The limits and freedom of
The Joburg Art Fair has evolved in the last decade, but the question is: Have they gone far enough?
The Joburg Art Fair sort of prepared us for Instagram. The visual overload of imagery during its inaugural opening in 2008, where Robin Rhode was the featured artist, was a novel sensation. The temporary white cubes demarcating gallery stands in the Sandton Convention Centre were heaving with art. Hanging work salon style was the rage in that first and subsequent years — until gallerists figured that less translates into more sales.
In the decade that this annual art event has existed much has changed: the art, the prices, the galleries and how Artlogic, the founder and organiser of the art fair, has confronted and displaced the event’s commercial function and advanced its “Africanness”. In other respects, such as the ownership of the art industry, the profile of the gatekeepers and how art is valued, nothing has changed.
Most importantly, the fair altered the way we look at art — or don’t look at it, as the case may be. Perhaps not even during the Johannesburg biennales of the late 1990s had so much visual expression been packed into one space. In your first round of the fair on the opening night, you invariably surrender to it being a social event, opting to air kiss instead of scrutinising art.
When visitors leaned in closely to an artwork it was not to study a mark or brushstroke but to see what had seemingly been treated as top secret for so long; the price. It wasn’t quite like the #GuptaLeaks. The truth was sometimes less ugly than you had imagined.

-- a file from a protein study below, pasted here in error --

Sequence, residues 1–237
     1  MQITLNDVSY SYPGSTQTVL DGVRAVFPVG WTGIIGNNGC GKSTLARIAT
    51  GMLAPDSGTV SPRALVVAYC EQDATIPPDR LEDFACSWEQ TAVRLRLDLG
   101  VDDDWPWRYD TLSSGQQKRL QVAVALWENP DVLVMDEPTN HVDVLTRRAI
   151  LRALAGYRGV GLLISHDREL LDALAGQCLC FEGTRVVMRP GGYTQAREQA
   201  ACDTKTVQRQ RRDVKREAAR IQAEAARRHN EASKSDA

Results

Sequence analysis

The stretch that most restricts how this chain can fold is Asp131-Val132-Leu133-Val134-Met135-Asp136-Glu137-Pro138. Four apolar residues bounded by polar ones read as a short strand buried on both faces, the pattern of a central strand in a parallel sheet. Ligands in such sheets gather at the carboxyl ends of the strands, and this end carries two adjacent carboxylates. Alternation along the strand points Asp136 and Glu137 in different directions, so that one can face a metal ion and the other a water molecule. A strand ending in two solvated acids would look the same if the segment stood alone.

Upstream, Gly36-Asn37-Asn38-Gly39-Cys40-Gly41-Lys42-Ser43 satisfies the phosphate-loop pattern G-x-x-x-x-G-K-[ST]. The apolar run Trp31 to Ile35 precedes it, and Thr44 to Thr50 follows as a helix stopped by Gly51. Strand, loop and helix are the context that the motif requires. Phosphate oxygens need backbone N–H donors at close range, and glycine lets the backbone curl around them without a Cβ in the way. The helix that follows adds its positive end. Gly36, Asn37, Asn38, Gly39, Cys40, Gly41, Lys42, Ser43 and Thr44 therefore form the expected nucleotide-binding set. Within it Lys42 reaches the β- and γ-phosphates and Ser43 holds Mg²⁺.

This set a tone that shaped exchanges and formal communication about the fair. Its success or effect was always measured numerically. This was one way of processing all the art — with so much on view it was tricky for commentators, curators and gallerists to extrapolate truths about visual expression. Whatever truths were laid bare, they were always commercially driven and therefore skewed.
This imperative to some degree (as well as other numerous factors) fed into the major shift from a photographic-driven art discourse to a turn towards abstract art, which now dominates.
As curators Okwui Enwezor and Rory Bester would drive home in the gargantuan Rise and Fall of Apartheid exhibition in 2014, photography had played a pivotal role in the “war of aesthetics” and had social value. International interest in this aspect of our visual culture through museum shows appeared to substantiate this.
As such, all our acclaimed photographers featured widely across the fair in those early years. In 2009, David Goldblatt, the Essop brothers, Jodie Bieber, Jo Ractliffe, Santu Mofokeng, Guy Tillim, Roger Ballen, Lolo Veleko and Mikhael Subotzky were the attraction. This was art that was seen as socially relevant; sales told another story. As art auction figures continue to substantiate, editioned photographs are not viewed as valuable in rands and cents.
Photographic practices in contemporary art haven’t ceased. Goldblatt was the featured artist in 2013 when Artlogic decided to claim that year as one dedicated to photography. But this was out of sync with the art that was being produced and sold. In that year, for example, Stevenson’s stand was devoted to Ian Grose’s quasiabstract paintings, Mary Sibande presented her abstract “purple” beings and Ayanda Mabulu’s painting Yakhali’nkomo (Black Man’s Cry),
At the art fair this year: Khaya Witbooi’s Labour of Glove (above) and a work by Angolan artist Antònio Ole (right